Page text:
Regardless of one’s opinion on Measure RR, it is well-understood that improved infrastructure is a necessity. BART is a lifeline for hundreds of thousands of people, and continued infrastructure issues will have far-reaching consequences for the Bay Area. As delays increase in length and frequency, productivity will fall as commute times rise, highways will see an influx of traffic, and the increased difficulty of working in San Francisco will aggravate the already-intense housing crisis. Something needs to be done, be it increased funding or a complete overhaul of the way BART spends money.
In order to avoid a paradigm-shift and, in essence, take the easy way out, BART leaders need Measure RR to pass. However, this is unlikely to happen unless BART has the trust of the public to spend the money wisely, since property owners will be taxed until 2065 if the measure passes. While BART cannot legally campaign for support, they have created a website to explain the utility of BART and the agency’s plan for infrastructure repair. The website draws connections between BART and the livelihood of the Bay Area to express the importance of the oft-underground subways to the world above – similar to the “BARTable” advertising campaign, the agency makes it clear that “BART connects you to people you love, places you enjoy, and to the countless opportunities the Bay Area has to offer.” Additionally, the immediate relevance of the plan to consumers is stressed, highlighting the importance of “fixing things first” and improving technology and access to reduce congestion and make the trains more accessible. The website also breaks down specific improvements by county. For our Berkeley readers, the main Alameda County improvements concern the construction of housing developments, capacity gains, and increased car and bike parking.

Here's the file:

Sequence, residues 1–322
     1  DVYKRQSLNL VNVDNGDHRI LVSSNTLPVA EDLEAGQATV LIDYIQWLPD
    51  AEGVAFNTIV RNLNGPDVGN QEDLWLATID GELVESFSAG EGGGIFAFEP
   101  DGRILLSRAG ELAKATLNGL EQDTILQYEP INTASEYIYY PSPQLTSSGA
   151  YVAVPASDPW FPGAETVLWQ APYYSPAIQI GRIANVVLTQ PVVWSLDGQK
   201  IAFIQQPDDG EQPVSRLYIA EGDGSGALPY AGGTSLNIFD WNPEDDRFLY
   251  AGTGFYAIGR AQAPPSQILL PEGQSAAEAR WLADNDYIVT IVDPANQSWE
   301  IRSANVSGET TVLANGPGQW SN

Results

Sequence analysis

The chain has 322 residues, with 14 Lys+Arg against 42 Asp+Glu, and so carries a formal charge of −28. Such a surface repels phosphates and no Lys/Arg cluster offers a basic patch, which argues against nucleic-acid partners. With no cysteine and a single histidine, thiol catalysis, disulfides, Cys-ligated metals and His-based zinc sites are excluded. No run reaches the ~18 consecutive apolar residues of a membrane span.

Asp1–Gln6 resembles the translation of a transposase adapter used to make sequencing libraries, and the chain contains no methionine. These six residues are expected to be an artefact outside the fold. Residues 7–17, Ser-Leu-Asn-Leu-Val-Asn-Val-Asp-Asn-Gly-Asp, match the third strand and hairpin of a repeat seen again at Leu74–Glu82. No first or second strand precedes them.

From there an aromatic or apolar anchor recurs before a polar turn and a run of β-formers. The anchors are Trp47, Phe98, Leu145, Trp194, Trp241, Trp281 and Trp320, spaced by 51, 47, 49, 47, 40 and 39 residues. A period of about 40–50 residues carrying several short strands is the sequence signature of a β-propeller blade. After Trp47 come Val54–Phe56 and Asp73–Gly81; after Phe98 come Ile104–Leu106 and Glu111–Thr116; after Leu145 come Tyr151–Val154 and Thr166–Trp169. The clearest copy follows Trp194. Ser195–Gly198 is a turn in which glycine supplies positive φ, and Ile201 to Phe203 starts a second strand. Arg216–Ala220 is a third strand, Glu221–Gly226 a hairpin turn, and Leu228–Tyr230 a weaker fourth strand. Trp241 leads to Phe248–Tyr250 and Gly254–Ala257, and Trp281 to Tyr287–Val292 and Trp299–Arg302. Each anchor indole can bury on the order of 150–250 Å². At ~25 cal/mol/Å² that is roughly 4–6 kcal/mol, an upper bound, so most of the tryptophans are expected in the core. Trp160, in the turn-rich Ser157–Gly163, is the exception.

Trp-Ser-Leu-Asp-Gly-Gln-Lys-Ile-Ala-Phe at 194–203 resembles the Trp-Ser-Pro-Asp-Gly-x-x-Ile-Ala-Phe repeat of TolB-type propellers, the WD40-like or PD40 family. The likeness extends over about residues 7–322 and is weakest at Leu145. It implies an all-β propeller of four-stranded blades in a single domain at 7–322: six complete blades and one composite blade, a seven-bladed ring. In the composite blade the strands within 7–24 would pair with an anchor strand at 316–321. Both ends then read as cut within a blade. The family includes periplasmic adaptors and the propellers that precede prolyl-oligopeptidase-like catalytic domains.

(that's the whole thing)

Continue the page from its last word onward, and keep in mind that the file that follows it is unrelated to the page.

To gain further insight into the measure, we contacted Taylor Huckaby, a spokesperson for BART. He informed us that the money from Measure RR will be allocated towards two major categories: repairing and replacing critical infrastructure, for which most of the money will be spent, and making stations more accessible and less crowded, where about a tenth of the bond money will go. (You can read our full interview here.) Nonetheless, it will be very difficult for BART to fulfill all of their promises with this level of funding; combined with the agency’s history of money mismanagement, the public may end up very unsatisfied with a post-Measure RR BART.
To convince voters to gamble on this property tax, BART will have to ensure the public that they will stick to their budget and draw attention to the necessity of these improvements. BART has had success in the past implementing new technologies to improve the rider experience – the agency has implemented an improved train control system and will soon begin rolling out the “Fleet of the Future”, a squadron of new and improved train cars. And they are still slightly ahead of the curve when it comes to infrastructure – BART is currently pursuing Measure RR because the majority of the 44-year-old BART system was intended to last only 45 years. Thus, the time is now to rebuild BART – the system, as Paul Oversier, BART assistant general manager for operations, said himself, is “falling apart.”
Featured Image: Maintenance Design Group